A respected Cuban church leader who was unexpectedly arrested and tried in court last week has been cleared of all charges, reported a Christian human rights group Monday.
After his accusers gave contradictory evidence against him in court, the Rev. Roberto Rodriguez was found not guilty of "threatening behavior" and allowed to return to his family, reported U.K.-based Christian Solidarity Worldwide.
"CSW welcomes the news that Reverend Rodriguez was found not guilty of the charges against him," commented CSW Chief Executive Mervyn Thomas, whose organization called on Cuban authorities to release Rodriguez last week.
The 67-year-old pastor, who is in poor health, is now recuperating at home.
According to reports, Rodriguez became a government target after the organization he led publicly withdrew from a government-sanctioned religious umbrella group in the second half of 2008.
Later that year, the first charges were brought against Rodriguez, and though he was given three trial dates over the course of 2009, no trial ever took place. Over the last 21 months, Rodriguez has been under house arrest.
"The treatment that Reverend Rodriguez, a respected national leader and pastor for 48 years, has endured over the past two years, simply because his organization resisted attempts by the government to interfere in their internal affairs, is a disgrace," stated Windsor.
And when Rodriguez was arrested without warning last week, CSW called on Cuban authorities to release him and also sought intervention from the European Union, which will be looking at the human rights situation and reviewing its Common Position on Cuba this month.
"While some heralded the release of some Cuban prisoners of conscience this summer as an improvement in the human rights situation, the arrest of Reverend Rodriguez this week demonstrates that the Cuban government is not interested in real human rights reform," Windsor stated following Rodriguez's arrest.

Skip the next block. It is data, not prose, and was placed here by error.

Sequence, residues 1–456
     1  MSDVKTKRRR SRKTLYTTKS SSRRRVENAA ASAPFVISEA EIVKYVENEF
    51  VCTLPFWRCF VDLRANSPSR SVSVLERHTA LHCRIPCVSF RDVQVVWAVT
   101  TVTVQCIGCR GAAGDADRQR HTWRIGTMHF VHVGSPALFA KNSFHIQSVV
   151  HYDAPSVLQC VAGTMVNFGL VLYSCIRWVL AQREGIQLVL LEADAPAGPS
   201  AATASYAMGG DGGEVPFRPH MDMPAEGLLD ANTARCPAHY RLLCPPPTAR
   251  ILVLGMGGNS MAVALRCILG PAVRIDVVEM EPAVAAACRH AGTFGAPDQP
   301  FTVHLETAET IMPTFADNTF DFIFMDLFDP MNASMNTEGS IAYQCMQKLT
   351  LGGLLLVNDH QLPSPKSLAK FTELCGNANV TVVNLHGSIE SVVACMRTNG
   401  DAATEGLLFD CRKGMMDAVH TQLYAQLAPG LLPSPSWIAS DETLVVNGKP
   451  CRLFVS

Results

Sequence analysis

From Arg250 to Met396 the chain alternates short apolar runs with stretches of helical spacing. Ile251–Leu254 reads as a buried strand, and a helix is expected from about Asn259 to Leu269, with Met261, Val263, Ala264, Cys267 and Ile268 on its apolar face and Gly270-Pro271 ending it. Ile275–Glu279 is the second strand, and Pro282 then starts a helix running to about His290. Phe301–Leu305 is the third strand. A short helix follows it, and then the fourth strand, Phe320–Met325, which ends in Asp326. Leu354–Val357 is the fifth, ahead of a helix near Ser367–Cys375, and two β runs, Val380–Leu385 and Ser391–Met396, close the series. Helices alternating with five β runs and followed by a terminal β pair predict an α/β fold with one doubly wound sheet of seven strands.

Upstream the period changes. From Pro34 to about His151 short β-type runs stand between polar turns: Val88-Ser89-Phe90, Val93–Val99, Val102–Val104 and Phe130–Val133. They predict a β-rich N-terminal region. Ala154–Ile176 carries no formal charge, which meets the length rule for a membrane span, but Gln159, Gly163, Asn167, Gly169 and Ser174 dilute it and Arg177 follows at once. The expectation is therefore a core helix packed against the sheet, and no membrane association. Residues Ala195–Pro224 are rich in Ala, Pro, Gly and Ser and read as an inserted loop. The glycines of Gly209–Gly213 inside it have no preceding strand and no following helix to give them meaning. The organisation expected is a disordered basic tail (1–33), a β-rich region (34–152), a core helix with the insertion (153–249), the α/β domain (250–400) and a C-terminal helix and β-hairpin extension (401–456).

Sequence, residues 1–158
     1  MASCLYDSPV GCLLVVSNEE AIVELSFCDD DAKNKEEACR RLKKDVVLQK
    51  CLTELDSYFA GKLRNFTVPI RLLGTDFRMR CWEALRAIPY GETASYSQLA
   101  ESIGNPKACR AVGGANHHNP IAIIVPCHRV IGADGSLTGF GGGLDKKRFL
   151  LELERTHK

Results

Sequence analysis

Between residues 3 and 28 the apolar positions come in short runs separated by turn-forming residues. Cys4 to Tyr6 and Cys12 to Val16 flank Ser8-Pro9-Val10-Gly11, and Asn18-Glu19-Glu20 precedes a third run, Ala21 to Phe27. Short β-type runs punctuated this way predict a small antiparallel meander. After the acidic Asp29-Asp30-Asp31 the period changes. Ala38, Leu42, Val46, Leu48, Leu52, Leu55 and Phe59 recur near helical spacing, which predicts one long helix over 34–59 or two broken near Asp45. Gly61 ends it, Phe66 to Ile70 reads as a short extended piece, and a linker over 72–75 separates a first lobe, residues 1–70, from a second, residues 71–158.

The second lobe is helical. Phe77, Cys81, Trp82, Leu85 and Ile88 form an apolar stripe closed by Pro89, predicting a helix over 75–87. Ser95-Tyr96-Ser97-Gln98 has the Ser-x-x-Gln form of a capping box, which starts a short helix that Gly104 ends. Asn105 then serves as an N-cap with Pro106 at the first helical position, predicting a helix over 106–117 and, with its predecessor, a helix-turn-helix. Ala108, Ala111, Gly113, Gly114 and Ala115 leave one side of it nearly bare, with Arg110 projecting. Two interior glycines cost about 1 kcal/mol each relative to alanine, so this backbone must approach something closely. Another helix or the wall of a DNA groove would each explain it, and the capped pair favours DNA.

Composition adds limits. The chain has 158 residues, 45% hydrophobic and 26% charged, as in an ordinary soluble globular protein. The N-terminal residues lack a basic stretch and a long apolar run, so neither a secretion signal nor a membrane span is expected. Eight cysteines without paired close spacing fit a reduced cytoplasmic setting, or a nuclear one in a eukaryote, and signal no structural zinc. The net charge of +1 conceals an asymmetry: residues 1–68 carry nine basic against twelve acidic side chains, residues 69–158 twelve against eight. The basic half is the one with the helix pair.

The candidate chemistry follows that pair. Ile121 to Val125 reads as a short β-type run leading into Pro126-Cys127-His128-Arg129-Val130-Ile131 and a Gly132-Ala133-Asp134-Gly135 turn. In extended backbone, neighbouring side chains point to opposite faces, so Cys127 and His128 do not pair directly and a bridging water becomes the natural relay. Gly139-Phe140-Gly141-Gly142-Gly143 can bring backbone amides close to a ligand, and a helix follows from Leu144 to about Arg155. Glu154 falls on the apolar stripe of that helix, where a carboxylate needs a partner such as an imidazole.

According to Rodriguez's family, state security officials arrived at their home without warning on Aug. 30 and forced Rodriguez to go with them. The arrest was so sudden that Rodriguez was reportedly unable to take important medication with him.
It was feared that without the medication, the pastor's health would continue to deteriorate.
Following his arrest, Rodriguez was reportedly forced to hitchhike with the two officials from Cardenas to Santa Clara, where they arrived at 1 a.m. The following day, Rodriguez and the officials traveled to the town of Placetas in Central Cuba, where the pastor stood trial on Sept. 2.
During the trial, prosecutors recommended that Rodriguez be given a one-year prison sentence for "offensive behavior" and "threats."
In the end, however, the court found the pastor to be not guilty in light of contradictory evidence given by his accusers. Still, the court handed down a fine to the church leader for reasons that were unclear.
CSW believes that the criminal charges against Rodriguez were part of an attempt to discredit and silence him. Over the last 21 months, the pastor's family suffered verbal and physical abuse from their neighbors and their house was vandalized. CSW alleges that attacks were done with the support of the government.
"CSW calls on the Cuban government to ensure that restitution is made to the family for the damage caused to their house by their now discredited accusers," Windsor stated Monday.
The organization also called on the government to allow Rodriguez's family to return to their home "with the full guarantees of protection that are their right as Cuban citizens."
According to the U.S. State Department's latest Annual Report to Congress on International Religious Freedom, the Cuban constitution recognizes the right of citizens to profess and practice any religious belief within the framework of respect for the law; however, in law and in practice, the government places restrictions on freedom of religion.
The government continued to exert control over all aspects of social life, including religious expression, during the state department's most recent reporting period, according to the 2009 report.
The state department did, however, note that reports of harassment declined slightly, although government harassment of religious organizations continued.
The U.S. government has urged international pressure on the Cuban government to promote religious freedom and other human rights.